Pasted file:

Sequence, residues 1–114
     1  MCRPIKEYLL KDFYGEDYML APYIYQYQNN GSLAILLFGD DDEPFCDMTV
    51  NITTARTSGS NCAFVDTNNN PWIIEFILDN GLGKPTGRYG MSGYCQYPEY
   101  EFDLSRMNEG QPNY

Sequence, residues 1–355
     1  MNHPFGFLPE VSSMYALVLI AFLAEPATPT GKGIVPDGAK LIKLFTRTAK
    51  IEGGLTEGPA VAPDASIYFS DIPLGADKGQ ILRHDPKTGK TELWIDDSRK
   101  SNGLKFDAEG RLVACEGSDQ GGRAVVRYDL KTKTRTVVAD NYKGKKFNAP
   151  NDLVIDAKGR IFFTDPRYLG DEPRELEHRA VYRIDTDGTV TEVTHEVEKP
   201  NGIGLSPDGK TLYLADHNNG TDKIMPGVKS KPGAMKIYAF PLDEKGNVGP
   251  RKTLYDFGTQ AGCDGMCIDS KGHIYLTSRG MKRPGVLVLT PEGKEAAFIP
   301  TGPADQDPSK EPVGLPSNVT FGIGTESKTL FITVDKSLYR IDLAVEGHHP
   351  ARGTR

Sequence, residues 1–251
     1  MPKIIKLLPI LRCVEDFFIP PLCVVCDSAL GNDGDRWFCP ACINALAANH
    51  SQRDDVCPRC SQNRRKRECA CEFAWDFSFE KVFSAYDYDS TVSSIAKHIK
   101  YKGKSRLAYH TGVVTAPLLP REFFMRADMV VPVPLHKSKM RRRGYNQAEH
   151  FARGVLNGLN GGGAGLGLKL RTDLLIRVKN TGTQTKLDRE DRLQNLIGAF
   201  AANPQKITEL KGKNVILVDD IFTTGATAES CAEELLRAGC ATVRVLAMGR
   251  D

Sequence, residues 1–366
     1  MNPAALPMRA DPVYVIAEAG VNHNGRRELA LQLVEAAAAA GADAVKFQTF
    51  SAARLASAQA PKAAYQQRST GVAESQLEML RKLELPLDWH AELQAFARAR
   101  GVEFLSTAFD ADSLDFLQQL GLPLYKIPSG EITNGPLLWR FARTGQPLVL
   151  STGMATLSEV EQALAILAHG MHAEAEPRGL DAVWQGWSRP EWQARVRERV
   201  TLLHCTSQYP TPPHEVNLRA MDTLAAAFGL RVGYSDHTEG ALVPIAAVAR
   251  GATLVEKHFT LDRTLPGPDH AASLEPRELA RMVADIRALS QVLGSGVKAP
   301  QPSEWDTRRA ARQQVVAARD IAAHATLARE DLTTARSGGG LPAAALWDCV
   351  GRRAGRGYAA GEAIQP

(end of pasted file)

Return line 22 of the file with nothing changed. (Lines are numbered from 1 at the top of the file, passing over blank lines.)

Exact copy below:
     1  MNPAALPMRA DPVYVIAEAG VNHNGRRELA LQLVEAAAAA GADAVKFQTF